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Archive for April, 1992

The BCCI cadres

In its heyday, BCCI was a multi-national bank in the real sense, though staffed mainly by Pakistanis, Indians and Bangladeshis. On its demise, all the blame reverted to its original home, Pakistan. In a sense, the labelling of BCCI as a Pakistani bank was not incorrect as the founder, Agha Hassan Abedi, and most of its upper hierarchy were Pakistani nationals, belonging mostly to United Bank Limited (UBL) which Abedi had formed in the early 60s, duly sponsored by the industrial family of Saigols.

Abedi’s success relied on his staffing UBL with an excellent cadre of existing banking executives from other banks, following it up by training a whole new generation of managers from bright young men fresh out of the universities. Needless to say, this policy ensured that by the time nationalisation came about in the early 70s, UBL had some of the most dynamic banking professionals in the country. On the opening of BCCI, Abedi repeated his UBL success, raiding UBL (and other banks) for the best and the brightest, thus raising the early BCCI cadres to a new level of excellence, giving the new Bank the backbone for its international success in the 70s.


Land of the Blue(??)Danube

The Prime Minister of Pakistan, Mohammad Nawaz Sharif, is flying to Austria today. Despite the fact that the Danube that passes through Vienna is more muddy than blue, the thought of this once imperial city of pomp and show, culture and music invokes a sense of history even in the least romantic. Austria being one of the two countries (the other being Switzerland) at the neutral core of Europe, is geographically placed at a crossroads between East and West, North and South. This small nation of 9 million people, of which full 98% are German speaking, was at the centre of the former Austro-Hungarian Empire, its location determining its important and central role in European road, rail, air and river traffic.


The bond issue snafu

The Washington Post and the Wall Street Journal recently featured ADS from the State Bank of Pakistan (SBP) inviting all and sundry to purchase Foreign Currency Bearer Certificates (FCBC) with attractive premiums and no questions asked about the identity of either the purchasers or the source of funds. Notwithstanding the US$ 120000 charged by each of these prestigious Dailies for printing the FCBC offer, both papers followed up by scathing criticism of the purported “money-laundering” scheme. Motivated Congressmen from the US Senate and the House of Representatives, smarting under the attack by the domestic media for their history of issuing of rubber checks, jumped on this unfortunate AD with fervour and fury, if only to divert attention. Given that Agha Hassan Abedi and BCCI originated from Pakistan, dark innuendoes were aired about Pakistan being a safe haven for drug smuggling and money laundering. Suddenly, one of the finest bastions of financial integrity in the Third World, the State Bank of Pakistan (SBP), found itself in a hapless position due to the ill-conceived, immature and naive wording of the advertisement. A high level delegation led by one of the Deputy Governors of SBP, Mr Sibghatullah, has now left for the States for a belated attempt at damage control.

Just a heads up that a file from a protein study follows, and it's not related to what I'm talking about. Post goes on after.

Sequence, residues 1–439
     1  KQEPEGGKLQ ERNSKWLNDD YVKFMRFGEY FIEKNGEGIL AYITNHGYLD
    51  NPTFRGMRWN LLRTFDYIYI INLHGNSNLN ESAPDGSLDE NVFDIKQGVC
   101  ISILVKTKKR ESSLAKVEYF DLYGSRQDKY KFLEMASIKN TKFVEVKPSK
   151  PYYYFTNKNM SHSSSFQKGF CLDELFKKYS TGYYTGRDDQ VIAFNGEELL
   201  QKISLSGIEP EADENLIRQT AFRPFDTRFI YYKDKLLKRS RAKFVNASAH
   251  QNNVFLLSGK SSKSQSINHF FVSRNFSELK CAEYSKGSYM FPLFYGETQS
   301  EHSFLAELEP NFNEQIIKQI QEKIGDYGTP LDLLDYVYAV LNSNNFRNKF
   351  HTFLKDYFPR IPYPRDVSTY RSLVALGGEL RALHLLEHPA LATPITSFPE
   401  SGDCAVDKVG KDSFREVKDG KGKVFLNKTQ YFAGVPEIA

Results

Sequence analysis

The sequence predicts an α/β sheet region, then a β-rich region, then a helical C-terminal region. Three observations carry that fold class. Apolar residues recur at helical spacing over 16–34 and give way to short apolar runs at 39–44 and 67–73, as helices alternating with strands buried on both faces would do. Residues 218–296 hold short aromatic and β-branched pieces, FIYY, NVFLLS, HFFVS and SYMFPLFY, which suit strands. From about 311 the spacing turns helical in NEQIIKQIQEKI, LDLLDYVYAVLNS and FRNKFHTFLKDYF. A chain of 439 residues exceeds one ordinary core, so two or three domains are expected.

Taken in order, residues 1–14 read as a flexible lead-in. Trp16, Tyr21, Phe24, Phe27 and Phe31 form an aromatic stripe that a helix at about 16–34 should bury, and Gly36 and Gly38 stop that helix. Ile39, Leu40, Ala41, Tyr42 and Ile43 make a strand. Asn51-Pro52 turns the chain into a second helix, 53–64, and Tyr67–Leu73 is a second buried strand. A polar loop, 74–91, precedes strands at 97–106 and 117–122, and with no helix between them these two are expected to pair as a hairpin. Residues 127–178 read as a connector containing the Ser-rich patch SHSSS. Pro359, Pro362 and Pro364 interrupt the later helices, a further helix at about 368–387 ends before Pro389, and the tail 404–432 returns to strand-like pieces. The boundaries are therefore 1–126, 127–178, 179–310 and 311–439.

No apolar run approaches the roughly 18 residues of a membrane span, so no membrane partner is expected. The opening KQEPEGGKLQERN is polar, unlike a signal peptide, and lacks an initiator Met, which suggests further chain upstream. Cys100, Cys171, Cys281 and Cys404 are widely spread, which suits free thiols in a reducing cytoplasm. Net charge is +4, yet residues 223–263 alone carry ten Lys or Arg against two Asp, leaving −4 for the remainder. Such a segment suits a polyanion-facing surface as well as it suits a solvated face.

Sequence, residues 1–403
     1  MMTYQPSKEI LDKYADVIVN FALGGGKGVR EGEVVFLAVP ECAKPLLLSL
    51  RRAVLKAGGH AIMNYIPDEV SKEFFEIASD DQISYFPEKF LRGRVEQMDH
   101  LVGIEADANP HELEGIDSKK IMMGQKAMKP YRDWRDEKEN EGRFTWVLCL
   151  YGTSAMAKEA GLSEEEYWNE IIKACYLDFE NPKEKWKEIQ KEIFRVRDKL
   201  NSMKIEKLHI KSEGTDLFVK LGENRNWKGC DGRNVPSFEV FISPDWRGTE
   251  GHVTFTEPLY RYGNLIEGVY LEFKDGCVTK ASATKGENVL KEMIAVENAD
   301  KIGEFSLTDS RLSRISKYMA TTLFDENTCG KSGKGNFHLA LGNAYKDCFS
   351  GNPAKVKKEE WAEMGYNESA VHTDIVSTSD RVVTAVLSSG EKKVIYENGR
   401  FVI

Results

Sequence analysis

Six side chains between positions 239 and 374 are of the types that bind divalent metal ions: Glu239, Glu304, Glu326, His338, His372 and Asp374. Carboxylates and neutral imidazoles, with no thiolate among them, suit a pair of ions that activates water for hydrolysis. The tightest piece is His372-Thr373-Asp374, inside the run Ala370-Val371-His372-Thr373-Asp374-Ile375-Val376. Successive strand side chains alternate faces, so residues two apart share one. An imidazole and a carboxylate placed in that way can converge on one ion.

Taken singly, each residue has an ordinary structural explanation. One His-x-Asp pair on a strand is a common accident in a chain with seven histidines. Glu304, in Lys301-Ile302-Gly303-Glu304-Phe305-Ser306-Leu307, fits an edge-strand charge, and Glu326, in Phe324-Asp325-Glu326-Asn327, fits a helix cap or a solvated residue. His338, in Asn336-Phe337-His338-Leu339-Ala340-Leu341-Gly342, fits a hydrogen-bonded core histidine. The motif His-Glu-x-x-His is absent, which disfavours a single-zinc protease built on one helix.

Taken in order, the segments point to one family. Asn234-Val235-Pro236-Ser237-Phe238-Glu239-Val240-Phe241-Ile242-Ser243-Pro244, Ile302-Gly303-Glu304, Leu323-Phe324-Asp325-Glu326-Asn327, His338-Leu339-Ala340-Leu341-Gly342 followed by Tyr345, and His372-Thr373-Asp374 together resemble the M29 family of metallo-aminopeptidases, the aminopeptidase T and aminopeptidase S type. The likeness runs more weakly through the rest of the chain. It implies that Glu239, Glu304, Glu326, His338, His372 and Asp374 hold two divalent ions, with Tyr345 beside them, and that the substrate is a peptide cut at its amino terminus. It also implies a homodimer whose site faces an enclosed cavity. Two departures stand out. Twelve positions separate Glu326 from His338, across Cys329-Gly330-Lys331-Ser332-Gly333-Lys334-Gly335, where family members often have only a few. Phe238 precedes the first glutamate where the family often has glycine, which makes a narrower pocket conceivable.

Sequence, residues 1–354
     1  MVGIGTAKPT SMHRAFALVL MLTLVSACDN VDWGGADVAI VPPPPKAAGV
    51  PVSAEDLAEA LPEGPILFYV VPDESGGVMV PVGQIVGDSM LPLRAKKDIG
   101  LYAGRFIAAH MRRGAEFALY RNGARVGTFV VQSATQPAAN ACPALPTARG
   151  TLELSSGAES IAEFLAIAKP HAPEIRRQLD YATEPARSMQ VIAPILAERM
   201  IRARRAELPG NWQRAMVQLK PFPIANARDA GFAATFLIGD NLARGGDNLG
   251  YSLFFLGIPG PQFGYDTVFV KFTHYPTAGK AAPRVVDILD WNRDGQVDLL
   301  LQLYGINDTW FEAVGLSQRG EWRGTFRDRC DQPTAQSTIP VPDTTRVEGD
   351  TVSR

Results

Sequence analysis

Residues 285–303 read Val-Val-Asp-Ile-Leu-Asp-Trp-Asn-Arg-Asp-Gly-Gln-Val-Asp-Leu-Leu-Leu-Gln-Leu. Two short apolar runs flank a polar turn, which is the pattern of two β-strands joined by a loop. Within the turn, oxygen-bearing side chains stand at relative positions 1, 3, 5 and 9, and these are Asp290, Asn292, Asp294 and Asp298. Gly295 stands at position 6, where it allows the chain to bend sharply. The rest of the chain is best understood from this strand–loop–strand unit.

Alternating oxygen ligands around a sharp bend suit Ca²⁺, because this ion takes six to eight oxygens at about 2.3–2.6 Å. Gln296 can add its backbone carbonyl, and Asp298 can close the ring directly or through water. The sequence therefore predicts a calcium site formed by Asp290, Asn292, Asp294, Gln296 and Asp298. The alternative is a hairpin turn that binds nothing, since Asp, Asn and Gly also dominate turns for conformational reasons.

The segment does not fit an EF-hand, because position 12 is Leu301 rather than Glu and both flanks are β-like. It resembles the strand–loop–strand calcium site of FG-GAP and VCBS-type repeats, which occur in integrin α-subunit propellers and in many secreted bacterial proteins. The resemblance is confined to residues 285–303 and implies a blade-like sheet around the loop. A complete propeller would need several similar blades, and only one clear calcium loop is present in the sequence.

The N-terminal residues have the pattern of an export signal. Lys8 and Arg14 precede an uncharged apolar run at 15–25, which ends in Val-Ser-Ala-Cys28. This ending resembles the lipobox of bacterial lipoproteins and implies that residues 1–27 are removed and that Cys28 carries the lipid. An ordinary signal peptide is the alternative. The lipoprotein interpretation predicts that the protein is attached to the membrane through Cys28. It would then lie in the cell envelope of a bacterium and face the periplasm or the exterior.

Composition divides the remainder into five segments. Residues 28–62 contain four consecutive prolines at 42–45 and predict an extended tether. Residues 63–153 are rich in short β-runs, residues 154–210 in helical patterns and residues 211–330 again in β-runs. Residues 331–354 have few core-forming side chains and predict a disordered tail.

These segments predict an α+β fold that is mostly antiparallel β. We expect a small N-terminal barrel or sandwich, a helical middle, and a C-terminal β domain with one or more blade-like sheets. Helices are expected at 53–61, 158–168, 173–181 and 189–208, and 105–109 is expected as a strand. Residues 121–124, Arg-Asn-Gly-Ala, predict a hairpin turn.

Before analysing the facts and attempting to cut through the obvious mess-up, one must study the events that led to this international embarrassment. The foreign debt situation as it existed in June 1991 was composed of US$ 15.9 billion foreign debt, either public or publicly guaranteed medium and long-term, disbursed and outstanding. Short-term debt, particularly acquired in the last two/three years amounted to about US$ 4 billion, bringing the debt figure up to US$ 20 billion approximately. Debt servicing was estimated at US$ 1395 million per annum. Given all these astronomical figures, we still remain far behind India and Indonesia who owe more than US$ 50 billion each. Moreover there are enough indicators still on the positive side to ensure that we do not fall within the category of the “severely indebted”.


Khalid, leader extraordinary